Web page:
The North American spat pitting Canada and Mexico against the U.S. over meat labels has sown confusion among producers and shippers in all three countries, with a trade war potentially just weeks away, according to Reuters.
The World Trade Organization on Monday authorized Canada and Mexico, the biggest markets for exported U.S. goods, to retaliate against the U.S. meat-labeling rules, setting the annual level at C$1.055 billion for Canada and $228 million for Mexico.
The U.S. took a step towards defusing the row on Wednesday when the U.S. Congress approved a spending bill that includes the repeal of federal laws mandating meatpackers identify where animals are raised and slaughtered.
"It's causing a lot of angst and anxiety," said Candace Sider, vice-president of Canadian regulatory affairs for customs brokerage and trade consultant Livingston International.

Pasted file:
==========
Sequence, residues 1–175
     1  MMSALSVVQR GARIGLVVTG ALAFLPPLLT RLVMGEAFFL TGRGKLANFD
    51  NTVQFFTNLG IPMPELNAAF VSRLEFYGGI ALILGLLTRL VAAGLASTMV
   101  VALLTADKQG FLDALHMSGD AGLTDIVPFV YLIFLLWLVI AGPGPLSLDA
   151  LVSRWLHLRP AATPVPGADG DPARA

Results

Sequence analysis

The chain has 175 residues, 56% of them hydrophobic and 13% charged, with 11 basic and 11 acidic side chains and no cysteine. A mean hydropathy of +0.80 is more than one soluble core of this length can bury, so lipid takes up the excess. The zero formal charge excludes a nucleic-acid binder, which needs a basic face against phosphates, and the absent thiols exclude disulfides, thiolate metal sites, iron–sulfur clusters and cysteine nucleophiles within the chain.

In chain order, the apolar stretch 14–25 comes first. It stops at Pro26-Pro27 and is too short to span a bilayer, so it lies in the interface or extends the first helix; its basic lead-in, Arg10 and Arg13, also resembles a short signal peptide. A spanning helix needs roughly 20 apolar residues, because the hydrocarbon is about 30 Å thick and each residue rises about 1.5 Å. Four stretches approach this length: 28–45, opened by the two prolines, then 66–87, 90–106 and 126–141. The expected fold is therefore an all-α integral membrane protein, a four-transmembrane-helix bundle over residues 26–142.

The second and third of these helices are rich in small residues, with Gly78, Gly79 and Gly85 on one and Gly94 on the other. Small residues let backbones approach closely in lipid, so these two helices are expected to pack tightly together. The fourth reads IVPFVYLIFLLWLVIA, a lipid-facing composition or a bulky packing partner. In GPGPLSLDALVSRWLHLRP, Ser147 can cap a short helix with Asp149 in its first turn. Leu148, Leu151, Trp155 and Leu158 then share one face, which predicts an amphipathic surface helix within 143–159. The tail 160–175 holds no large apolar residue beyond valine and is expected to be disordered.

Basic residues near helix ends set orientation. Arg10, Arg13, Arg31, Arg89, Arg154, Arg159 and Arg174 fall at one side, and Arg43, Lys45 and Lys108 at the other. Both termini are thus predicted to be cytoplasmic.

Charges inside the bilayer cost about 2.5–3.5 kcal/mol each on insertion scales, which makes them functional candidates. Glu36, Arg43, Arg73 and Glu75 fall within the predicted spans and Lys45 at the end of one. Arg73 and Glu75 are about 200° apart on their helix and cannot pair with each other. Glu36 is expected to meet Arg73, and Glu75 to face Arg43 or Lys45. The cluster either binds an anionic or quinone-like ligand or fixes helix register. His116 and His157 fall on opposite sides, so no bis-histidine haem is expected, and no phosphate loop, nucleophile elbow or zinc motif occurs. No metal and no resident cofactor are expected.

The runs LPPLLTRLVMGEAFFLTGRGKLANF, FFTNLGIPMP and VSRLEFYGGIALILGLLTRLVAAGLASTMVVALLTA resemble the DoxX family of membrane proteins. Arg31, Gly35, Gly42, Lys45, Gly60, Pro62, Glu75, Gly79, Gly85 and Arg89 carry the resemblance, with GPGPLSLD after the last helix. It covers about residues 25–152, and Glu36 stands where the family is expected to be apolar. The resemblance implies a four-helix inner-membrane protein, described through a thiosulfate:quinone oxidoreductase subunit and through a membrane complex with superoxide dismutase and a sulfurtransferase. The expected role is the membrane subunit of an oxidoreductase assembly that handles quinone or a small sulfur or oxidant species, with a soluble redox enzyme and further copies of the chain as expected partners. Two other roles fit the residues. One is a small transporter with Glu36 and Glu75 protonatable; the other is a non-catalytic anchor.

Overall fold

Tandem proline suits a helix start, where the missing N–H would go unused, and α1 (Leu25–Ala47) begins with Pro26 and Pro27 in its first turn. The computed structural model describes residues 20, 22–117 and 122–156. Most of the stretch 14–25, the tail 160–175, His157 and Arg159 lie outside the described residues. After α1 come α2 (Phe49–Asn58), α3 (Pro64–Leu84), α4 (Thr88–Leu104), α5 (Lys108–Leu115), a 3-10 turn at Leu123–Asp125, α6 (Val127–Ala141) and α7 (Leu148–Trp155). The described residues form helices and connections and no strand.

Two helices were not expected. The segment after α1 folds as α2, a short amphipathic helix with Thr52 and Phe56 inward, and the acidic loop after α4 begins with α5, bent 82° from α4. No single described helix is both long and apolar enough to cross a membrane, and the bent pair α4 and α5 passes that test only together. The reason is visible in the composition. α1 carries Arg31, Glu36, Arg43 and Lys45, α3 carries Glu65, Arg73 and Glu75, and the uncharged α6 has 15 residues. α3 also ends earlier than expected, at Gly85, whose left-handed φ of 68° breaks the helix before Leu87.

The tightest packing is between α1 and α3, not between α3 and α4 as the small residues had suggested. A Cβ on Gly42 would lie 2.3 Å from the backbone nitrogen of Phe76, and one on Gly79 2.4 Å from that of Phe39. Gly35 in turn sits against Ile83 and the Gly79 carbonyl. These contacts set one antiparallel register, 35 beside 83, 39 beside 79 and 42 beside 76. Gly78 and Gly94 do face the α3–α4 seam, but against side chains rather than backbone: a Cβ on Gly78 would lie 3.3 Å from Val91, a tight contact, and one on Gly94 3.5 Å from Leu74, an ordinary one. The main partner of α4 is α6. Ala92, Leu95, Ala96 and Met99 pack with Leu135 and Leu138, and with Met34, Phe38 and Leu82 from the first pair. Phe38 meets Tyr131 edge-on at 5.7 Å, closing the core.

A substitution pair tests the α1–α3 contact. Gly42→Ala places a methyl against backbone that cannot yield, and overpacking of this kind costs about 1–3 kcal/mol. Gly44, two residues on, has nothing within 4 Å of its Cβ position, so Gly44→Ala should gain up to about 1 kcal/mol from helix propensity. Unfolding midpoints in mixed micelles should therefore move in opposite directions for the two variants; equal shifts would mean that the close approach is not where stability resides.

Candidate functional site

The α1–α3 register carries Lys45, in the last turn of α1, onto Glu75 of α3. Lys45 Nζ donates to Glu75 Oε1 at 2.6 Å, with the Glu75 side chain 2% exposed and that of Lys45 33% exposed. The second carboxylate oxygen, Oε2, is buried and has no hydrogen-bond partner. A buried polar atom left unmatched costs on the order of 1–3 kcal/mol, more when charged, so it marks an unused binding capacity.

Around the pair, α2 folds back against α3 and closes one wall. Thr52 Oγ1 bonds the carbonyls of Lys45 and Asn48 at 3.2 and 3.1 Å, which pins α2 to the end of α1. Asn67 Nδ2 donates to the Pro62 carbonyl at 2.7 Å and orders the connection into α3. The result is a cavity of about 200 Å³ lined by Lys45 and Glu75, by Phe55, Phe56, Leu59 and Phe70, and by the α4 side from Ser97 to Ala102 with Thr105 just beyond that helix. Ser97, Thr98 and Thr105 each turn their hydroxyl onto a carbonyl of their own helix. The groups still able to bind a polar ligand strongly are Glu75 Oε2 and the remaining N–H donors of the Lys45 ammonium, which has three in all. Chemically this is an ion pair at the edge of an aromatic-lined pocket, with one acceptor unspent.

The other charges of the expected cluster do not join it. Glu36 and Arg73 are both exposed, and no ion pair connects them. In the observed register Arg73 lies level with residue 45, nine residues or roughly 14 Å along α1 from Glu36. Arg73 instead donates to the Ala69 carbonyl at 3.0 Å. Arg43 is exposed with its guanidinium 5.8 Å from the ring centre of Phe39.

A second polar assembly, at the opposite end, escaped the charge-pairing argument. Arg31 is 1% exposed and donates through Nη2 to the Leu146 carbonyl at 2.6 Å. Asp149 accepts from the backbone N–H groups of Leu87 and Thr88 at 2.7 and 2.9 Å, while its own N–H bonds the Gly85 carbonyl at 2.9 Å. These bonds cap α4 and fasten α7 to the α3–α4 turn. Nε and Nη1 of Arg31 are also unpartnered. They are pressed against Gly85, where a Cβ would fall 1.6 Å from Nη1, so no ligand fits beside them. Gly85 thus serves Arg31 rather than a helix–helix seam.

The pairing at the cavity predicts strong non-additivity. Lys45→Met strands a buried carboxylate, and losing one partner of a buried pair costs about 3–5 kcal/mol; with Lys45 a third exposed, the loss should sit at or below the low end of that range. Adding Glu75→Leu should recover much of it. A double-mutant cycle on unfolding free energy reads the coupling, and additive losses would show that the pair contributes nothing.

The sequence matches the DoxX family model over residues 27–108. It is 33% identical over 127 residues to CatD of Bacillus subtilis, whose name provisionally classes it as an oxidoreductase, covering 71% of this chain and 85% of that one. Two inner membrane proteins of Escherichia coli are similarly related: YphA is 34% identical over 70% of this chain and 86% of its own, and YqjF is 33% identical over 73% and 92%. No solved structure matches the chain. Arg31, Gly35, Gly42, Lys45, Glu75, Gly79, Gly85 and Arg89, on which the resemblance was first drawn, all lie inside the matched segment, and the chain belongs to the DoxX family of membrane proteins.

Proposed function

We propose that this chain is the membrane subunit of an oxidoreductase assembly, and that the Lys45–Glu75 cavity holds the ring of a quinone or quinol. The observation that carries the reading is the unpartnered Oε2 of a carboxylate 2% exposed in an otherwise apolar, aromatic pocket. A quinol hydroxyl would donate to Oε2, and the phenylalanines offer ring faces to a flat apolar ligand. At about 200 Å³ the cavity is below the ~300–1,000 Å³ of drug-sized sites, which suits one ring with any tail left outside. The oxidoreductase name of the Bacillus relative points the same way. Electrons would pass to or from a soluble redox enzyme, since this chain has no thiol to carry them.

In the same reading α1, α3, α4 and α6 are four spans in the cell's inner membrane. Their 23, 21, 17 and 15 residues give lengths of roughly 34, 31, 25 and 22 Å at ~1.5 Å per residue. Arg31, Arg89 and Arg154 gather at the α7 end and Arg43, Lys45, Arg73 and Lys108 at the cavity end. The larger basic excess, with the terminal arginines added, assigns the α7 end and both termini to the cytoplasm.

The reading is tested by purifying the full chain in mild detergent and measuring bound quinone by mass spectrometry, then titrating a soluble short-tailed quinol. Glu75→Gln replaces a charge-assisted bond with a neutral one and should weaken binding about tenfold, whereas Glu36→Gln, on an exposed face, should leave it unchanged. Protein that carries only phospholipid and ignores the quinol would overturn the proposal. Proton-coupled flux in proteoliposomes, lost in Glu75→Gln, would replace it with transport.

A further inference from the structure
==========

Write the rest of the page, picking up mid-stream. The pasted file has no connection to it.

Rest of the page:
A trade war may force importers in Canada and Mexico to find alternative suppliers, Sider said, but the biggest unknown element is which products may be affected.
The U.S. in 2014 shipped goods worth $312 billion to Canada and $240 billion to Mexico, according to U.S. Department of Commerce.
The previous Canadian Conservative government listed in 2013 three dozen U.S. product categories that could be subject to a 100 percent surtax, including pork, beef, cherries, appliance parts, chocolate, wine and office furniture.
The new Liberal government has not clarified which products it may target.